Jehoon Park is presently the Secretary General of the Asia Economic Community Forum and Professor at the School of Northeast Asian Studies at the Incheon National University. His primary areas of interest are Northeast Asian Economy, Comparative Economics, and Transition Economics. He completed his B.A. and first M.A. at Seoul National University. He also attended the Ohio State University for his second M.A. and PhD in Economics. Dr. Park has also served as Visiting Scholar to Saint Petersburg State University and UC Berkeley, Dean of College of Northeast Asian Studies at Incheon National University, Research Fellow at the Korea Institute for International Economic Policy, Teaching Associate at the Ohio State University, and Researcher for Korea Institute for Economics & Technology. Additionally, he has organized the Annual International Conferences by Northeast Asia Intellectuals’ Solidarity Korea (NAIS Korea) as the Secretary General since 2001. Policy experience includes serving as an advisor to the Ministry of Economy and Finance of Korean Government and Incheon Metropolitan City since 1994. He co-edited Political Economy of Northeast Asian Regionalism: Political Conflict and Economic Integration published by Edward Elgar 2008, Regionalism, Economic Integration and Security in Asia: A Political Economy Approach published by Edward Elgar 2011 and Asian Responses to the Global Financial Crisis: The Impact of Regionalism and the Role of the G20 published by Edward Elgar 2012.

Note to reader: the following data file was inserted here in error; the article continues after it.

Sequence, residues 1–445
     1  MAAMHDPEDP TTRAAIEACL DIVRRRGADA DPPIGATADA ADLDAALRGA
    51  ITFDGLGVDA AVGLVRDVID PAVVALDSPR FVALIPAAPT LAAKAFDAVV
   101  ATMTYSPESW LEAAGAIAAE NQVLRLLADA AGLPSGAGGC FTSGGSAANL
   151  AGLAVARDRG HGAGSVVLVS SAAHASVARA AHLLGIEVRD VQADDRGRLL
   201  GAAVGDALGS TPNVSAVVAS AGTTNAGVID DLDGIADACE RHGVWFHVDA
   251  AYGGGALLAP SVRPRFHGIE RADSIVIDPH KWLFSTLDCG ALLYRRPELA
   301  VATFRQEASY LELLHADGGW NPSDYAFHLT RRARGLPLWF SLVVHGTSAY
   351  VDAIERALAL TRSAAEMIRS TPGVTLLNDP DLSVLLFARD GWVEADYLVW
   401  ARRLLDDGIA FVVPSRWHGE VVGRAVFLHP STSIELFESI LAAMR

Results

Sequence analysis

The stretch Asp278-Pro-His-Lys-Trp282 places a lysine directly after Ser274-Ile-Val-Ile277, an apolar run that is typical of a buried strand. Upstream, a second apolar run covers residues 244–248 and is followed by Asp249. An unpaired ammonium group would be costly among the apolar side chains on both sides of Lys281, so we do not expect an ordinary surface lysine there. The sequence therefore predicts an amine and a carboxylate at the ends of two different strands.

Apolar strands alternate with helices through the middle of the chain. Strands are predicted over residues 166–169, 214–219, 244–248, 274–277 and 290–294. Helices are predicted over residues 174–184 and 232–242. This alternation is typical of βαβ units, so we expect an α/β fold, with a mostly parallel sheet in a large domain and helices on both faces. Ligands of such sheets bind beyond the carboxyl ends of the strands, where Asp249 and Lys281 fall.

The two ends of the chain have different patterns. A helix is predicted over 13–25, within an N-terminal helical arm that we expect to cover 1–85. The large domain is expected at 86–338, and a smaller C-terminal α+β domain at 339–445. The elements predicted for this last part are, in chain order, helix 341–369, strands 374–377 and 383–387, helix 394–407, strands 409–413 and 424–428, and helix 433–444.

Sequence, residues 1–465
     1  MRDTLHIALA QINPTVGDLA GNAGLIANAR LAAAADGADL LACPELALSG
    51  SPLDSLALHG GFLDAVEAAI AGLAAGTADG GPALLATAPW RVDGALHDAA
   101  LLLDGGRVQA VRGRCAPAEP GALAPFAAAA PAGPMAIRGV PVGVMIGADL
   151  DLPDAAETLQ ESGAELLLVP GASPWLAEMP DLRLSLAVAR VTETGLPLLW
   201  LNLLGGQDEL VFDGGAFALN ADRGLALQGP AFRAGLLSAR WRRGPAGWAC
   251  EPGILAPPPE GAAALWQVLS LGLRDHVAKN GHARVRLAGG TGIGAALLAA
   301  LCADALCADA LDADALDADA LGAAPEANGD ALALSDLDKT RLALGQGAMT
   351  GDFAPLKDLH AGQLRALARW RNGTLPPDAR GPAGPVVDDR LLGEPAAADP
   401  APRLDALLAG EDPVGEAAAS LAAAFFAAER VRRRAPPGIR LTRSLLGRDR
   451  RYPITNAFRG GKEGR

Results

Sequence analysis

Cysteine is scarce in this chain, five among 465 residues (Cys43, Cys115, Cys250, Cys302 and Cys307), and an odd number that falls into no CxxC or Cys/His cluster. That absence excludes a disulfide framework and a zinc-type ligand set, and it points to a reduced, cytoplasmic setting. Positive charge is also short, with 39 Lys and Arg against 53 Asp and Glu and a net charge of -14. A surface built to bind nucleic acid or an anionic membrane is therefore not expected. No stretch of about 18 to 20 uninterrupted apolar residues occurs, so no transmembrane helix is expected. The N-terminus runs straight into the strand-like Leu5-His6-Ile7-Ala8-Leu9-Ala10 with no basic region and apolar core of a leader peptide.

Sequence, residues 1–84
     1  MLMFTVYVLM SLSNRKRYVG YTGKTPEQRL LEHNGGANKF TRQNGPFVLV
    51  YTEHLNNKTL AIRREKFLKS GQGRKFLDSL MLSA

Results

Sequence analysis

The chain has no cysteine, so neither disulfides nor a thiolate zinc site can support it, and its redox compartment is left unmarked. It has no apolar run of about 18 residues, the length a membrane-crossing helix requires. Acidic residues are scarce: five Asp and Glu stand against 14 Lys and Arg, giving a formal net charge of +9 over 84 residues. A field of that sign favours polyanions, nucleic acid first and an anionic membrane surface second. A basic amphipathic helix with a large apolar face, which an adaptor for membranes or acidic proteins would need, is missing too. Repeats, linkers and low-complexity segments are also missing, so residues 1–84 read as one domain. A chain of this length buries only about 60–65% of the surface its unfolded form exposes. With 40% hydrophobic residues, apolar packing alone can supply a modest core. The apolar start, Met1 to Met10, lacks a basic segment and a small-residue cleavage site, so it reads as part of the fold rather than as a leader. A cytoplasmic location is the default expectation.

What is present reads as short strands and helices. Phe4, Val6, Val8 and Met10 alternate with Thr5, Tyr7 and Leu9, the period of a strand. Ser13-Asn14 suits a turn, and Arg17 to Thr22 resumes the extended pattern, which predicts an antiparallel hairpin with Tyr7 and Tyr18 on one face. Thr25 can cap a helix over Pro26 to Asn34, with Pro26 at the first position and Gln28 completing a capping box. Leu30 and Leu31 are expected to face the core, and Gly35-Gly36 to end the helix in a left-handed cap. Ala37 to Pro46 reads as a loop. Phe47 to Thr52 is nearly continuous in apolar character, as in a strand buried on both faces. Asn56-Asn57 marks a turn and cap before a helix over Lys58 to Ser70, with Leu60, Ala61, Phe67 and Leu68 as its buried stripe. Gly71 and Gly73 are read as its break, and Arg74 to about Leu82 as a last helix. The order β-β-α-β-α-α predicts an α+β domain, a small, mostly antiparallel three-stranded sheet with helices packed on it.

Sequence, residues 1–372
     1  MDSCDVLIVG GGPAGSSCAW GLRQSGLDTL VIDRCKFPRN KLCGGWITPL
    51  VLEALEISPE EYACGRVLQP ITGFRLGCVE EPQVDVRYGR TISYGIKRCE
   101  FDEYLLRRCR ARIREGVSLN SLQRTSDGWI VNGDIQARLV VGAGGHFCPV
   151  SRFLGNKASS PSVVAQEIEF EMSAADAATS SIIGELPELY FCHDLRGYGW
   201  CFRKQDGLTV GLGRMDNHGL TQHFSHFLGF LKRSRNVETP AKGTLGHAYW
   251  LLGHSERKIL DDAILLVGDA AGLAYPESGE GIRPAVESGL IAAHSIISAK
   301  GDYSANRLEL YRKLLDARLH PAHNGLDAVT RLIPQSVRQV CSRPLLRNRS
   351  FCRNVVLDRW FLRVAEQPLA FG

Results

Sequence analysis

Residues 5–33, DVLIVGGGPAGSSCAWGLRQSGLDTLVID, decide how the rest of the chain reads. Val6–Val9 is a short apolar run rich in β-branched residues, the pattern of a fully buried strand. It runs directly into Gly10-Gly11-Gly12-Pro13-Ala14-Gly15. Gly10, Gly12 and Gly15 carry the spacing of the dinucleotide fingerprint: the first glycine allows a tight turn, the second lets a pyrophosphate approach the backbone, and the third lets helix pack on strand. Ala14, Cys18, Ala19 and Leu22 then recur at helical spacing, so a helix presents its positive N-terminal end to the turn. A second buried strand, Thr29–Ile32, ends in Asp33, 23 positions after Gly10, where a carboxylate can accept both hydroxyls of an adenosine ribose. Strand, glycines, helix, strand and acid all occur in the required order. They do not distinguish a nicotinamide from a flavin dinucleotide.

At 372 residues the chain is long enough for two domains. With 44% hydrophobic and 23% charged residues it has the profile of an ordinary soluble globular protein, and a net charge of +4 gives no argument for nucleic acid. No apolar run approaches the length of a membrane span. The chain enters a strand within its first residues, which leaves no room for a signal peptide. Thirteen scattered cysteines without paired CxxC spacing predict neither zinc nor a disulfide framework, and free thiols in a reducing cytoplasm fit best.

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The Chinese Economic Model Revisited: Any Implications for the New Economic Thinking?

Paper Conference paper | | Apr 2014

The president of INET, Johnson(2013) emphasized the importance of Asian tradition for building up the New Economic Thinking. “It ismy sense that the Asian tradition of thought and philosophical perspective are better suited to embracing this radical uncertainty and living in the experimentation of the adaptive complex system that our world appears to resemble than are the Western mindsets that are the product of the Cartesian Enlightenment.” In the summary he argues that “As the Asian societies continue to evolve the architects will be better served by an new economics for Asia and from Asia that is based on the notions of radical uncertainty, complex adaptive systems, mimetic desire, the inseparability of politics and economics, and a vision of a world where policy makers are themselves less knowing and less capable of control than we often yearn to believe is within their power.”